18 February 2003

Mission reaches Gaza City

The Dove and Dolphin mission has arrived in Gaza City. Food and other aid is now being distributed and plans for future visits are already being discussed.
David Halpin, originator and leader of the expedition, surrounded by children on their way to and from school on the streets of Gaza City this morning said:
“We got together last night and discussed the future of the Dove and Dolphin scheme and we don’t want it to fold.
“We don’t want to replicate what already happens. General food support for the poorest people is being organised by people like the United Nations and we don’t want to replicate it.
“Our aim is to keep it simple and concentrate on the children. We have made a strong statement and there is a lot still to discuss and think about. The hard facts are still to be sorted out.”
The Dove and Dolphin team spent last night “in a roomy and well-appointed flat” in Gaza City.
The accommodation and arrangements for aid distribution were organised by Adli Hammad, the team’s main contact in Gaza.
“Adli has made the most careful arrangements for distribution of the food and garments. He also arranged for the silk screen printing of flags both large and small with a dove on it designed by Julia Finzel.
“The large flags have ' With love from the dove and the dolphin and the people of Britain' both in English and Arabic.
“A simple card with the same message but with our other 'logo' of The Dove and The Dolphin will be enclosed with the gifts which will go to about 2000 of the poorest families,” David explained.
The journey in lorries from Ashdod, where the cargo was unloaded from M V Barbara, went smoothly.
The lorries went through into Gaza at Karni but the team had to motor on round to Erez. From there they drove back to Karni through Gaza.
Seeing the cargo transferred from Israeli to Palestinian lorries was an experience.
David explains:
“You have to wait for big door to open into neutral space. The Israelis off-loaded the lorries and deposited the cargo. Then a big gate opens electronically on the other side and the Palestinian fork lifts went whistling in.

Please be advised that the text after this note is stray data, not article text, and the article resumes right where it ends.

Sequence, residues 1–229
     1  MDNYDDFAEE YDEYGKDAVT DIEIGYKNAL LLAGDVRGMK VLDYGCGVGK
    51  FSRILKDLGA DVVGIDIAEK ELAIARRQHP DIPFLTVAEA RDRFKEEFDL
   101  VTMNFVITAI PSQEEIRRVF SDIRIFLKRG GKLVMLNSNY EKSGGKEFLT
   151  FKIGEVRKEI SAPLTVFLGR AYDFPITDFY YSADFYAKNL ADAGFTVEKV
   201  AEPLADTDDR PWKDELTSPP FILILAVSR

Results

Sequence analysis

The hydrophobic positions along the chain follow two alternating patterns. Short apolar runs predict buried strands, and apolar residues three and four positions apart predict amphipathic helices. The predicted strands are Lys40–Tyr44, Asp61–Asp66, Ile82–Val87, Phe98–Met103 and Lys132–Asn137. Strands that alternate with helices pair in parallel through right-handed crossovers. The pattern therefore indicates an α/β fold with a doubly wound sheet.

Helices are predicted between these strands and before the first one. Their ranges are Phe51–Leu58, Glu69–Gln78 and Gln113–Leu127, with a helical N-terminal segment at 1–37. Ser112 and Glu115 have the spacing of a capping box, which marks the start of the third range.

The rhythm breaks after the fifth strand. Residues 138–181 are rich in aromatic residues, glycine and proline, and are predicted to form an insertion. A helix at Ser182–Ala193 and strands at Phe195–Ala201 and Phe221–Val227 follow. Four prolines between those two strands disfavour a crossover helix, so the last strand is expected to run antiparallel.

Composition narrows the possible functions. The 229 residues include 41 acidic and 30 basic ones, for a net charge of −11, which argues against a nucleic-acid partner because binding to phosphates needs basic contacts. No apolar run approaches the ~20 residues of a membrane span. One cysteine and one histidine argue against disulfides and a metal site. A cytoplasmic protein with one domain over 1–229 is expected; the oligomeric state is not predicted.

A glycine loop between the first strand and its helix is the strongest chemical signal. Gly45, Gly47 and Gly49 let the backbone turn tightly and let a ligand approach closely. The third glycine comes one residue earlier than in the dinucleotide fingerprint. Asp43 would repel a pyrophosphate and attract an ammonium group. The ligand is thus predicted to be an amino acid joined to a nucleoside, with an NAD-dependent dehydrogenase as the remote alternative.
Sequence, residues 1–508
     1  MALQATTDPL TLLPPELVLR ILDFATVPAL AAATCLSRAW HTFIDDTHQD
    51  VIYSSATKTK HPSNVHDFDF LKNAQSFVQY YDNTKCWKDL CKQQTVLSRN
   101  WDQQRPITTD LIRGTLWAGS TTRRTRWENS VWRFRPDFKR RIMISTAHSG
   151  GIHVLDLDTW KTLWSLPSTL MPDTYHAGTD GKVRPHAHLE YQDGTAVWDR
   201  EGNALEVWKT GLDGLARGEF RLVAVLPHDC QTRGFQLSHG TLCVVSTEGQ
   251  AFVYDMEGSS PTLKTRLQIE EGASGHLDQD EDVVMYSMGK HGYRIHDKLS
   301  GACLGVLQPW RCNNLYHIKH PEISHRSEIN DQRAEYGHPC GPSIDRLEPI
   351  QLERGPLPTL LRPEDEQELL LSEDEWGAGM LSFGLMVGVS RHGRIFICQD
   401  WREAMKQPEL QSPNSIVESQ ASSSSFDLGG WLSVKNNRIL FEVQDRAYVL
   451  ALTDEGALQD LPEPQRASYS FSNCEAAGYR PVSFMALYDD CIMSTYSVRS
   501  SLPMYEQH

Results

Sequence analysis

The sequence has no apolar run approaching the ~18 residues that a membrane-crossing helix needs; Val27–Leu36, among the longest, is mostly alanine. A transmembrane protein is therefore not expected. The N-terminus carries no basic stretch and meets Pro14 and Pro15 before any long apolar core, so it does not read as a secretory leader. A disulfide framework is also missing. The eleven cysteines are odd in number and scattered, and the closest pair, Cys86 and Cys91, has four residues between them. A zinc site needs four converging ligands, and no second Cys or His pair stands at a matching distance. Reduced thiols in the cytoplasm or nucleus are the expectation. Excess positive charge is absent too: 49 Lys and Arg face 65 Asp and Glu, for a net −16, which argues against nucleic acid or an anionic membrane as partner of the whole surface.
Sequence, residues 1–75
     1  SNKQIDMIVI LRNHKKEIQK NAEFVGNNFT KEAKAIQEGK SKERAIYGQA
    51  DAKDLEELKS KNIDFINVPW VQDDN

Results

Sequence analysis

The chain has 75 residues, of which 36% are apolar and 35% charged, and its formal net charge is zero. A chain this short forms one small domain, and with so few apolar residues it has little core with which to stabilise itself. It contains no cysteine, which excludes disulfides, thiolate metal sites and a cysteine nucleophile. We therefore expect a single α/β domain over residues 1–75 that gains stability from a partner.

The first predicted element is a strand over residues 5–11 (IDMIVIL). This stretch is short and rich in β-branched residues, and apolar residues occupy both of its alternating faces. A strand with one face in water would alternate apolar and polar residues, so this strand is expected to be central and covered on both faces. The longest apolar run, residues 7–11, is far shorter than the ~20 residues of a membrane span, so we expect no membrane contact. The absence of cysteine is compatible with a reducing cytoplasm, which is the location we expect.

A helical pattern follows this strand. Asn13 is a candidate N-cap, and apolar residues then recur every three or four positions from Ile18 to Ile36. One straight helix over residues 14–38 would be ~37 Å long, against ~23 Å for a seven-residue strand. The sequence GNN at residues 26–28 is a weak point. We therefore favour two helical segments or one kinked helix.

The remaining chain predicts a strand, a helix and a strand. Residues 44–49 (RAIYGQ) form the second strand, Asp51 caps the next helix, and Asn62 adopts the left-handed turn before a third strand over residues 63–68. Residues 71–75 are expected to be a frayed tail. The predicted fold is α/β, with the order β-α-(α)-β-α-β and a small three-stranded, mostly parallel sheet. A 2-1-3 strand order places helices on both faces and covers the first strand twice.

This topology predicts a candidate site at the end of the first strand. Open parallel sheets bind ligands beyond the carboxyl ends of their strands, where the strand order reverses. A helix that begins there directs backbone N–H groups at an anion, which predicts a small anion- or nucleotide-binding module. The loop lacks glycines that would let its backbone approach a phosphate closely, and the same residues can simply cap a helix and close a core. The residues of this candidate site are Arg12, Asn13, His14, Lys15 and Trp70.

“It is an extraordinary set-up.”
In Gaza City the aid has been stored in a warehouse and today it is being re-packed into smaller units which can be distributed to individual families.
Some will go to people in Gaza City and tomorrow the remainder of the aid will be handed out in Khan Yunis refugee camp.
The final leg of the expedition went smoothly, depsite unexpected last-minute laboratory tests on the food element of the cargo – which not only took time but also added to the cost.
But David and his team are happy to have succeeded on a mission which has been organised at break-neck speed at a difficult time.
“It has gone very much to schedule. Actually we were about a day late getting in but getting here seems to be quite an achievement,” he said.
Members of the team are also on schedule to fly back to London and the drive back to Exeter on Thursday.
Meanwhile, there are other elements of the mission also going ahead as planned.
Phil Ireland, from Exmouth, is busy photographing every aspect of the action.
He is also making contact with a local school in order to establish a link with St Joseph’s Primary School in Tiverton.
Helping him in this effort is Humphrey – a teddy bear which is being photographed with local children.
This morning Phil was busy playing football with children in the streets of Gaza City.
John Maughan, from Boscastle, has celebrated their arrival by singing in the streets – to the applause of local children.
He will do the same tomorrow at the refugee camp.
John has been very struck with the experience of Gaza. He said:
“At first sight Gaza City was like very poor areas of our own cities but there are large areas which are really quite swish. Impressive real estate.
“But the over-riding thing that impressed me was the way family life spills out on to the streets.
“We drove through the town last night and there were lots of families sitting outside their houses, with fathers playing with their children.
“It’s just so old fashioned in terms of family values to our eyes. There is such friendliness here.”
Despite hitches and hold-ups, David Halpin says the mission has been helped along by authorities in both Israel and Gaza.
“I can see they have been very conscientious about making sure this little shipment is going to most needy people… I think there was co-operation from the Israeli side in getting the lorries through. They extended hours of working by half hour to do that.”